The film was released in 1966 by Hemisphere Pictures, and is a survey of Charles Chaplin's early career using re-edited footage from: The Tramp (1915), Bank (1915), Champion (1915), His New Job (1915), A Night Out (1915), Police (1916), A Night in the Show (1915), In the Park (1915), and A Woman (1915). The film was narrated by Dave Anderson.

    -----------------------------------------------------------------------------

    Then there is catalog number 56090 which is listed as the soundtrack to “Gypsy Girl,” also known in the U.K. as “Sky West and Crooked.” This 1966 Hayley Mills drama was directed by John Mills and was released in the U.S. by Continental Distributing. The film had a score by Malcolm Arnold.


    Thank you very much for contributing these 2 additions.
    I have never seen nor heard either of them, and I'm fan of Malcolm Arnold, too! embarrassment

     
     
     Posted:   Dec 4, 2010 - 1:27 PM   
     By:   haineshisway   (Member)

    There are listings for two other Mainstream soundtrack LPs, after “The Wrong Box.”

    Although I’ve never seen a copy of it, there is a listing for a Mainstream soundtrack to the compilation film “Chaplin’s Art of Comedy,” which has a score by Elias Breeskin. The catalog number is 56089.

    The film was released in 1966 by Hemisphere Pictures, and is a survey of Charles Chaplin's early career using re-edited footage from: The Tramp (1915), Bank (1915), Champion (1915), His New Job (1915), A Night Out (1915), Police (1916), A Night in the Show (1915), In the Park (1915), and A Woman (1915). The film was narrated by Dave Anderson.

    -----------------------------------------------------------------------------

    Then there is catalog number 56090 which is listed as the soundtrack to “Gypsy Girl,” also known in the U.K. as “Sky West and Crooked.” This 1966 Hayley Mills drama was directed by John Mills and was released in the U.S. by Continental Distributing. The film had a score by Malcolm Arnold.


    Thank you very much for contributing these 2 additions.
    I have never seen nor heard either of them, and I'm fan of Malcolm Arnold, too! embarrassment


    Both the Chaplin and Gypsy Girl were readily available in the cut-out bins of most major record stores right into the 1970s.

     
     
     Posted:   Dec 4, 2010 - 1:42 PM   
     By:   filmusicnow   (Member)

    There are listings for two other Mainstream soundtrack LPs, after “The Wrong Box.”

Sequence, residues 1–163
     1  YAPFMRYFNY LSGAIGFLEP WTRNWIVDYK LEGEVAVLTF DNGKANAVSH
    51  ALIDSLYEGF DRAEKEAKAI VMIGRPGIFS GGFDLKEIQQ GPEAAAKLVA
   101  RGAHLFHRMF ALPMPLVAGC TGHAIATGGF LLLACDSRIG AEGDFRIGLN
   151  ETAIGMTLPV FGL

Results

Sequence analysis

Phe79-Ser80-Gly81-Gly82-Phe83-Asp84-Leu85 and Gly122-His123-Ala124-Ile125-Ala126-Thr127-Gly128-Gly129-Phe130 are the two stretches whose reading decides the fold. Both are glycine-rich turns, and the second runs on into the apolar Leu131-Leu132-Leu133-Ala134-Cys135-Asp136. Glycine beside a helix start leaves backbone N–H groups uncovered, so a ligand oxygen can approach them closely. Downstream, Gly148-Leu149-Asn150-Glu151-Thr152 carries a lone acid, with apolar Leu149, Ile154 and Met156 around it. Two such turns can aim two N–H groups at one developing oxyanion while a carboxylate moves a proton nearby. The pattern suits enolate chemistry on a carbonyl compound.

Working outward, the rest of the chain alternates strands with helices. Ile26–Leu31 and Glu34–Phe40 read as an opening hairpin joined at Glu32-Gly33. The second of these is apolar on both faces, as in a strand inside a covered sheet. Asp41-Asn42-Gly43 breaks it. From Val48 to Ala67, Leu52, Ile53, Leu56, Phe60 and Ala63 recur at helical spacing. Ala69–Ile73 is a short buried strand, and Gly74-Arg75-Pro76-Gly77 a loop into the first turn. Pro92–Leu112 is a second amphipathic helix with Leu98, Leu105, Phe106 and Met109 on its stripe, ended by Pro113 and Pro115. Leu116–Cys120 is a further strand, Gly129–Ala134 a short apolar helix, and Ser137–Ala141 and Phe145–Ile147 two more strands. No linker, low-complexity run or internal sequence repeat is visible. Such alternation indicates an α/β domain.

Although I’ve never seen a copy of it, there is a listing for a Mainstream soundtrack to the compilation film “Chaplin’s Art of Comedy,” which has a score by Elias Breeskin. The catalog number is 56089.

    The film was released in 1966 by Hemisphere Pictures, and is a survey of Charles Chaplin's early career using re-edited footage from: The Tramp (1915), Bank (1915), Champion (1915), His New Job (1915), A Night Out (1915), Police (1916), A Night in the Show (1915), In the Park (1915), and A Woman (1915). The film was narrated by Dave Anderson.

    -----------------------------------------------------------------------------

    Then there is catalog number 56090 which is listed as the soundtrack to “Gypsy Girl,” also known in the U.K. as “Sky West and Crooked.” This 1966 Hayley Mills drama was directed by John Mills and was released in the U.S. by Continental Distributing. The film had a score by Malcolm Arnold.


    Thank you very much for contributing these 2 additions.
    I have never seen nor heard either of them, and I'm fan of Malcolm Arnold, too! embarrassment


    Both the Chaplin and Gypsy Girl were readily available in the cut-out bins of most major record stores right into the 1970s.


    By the way, "The Heroes Of Telemark" is one of Sir Malcolm Arnold's worst sounding soundtrack albums (it sounds like it was recorded through a drainpipe), while "The Square Root Of Zero" was Eliot Kaplan's only film score that was ever put on an album.

     
     Posted:   Dec 4, 2010 - 1:53 PM   
     By:   ToneRow   (Member)


    Both the Chaplin and Gypsy Girl were readily available in the cut-out bins of most major record stores right into the 1970s.


    This is interesting to hear about.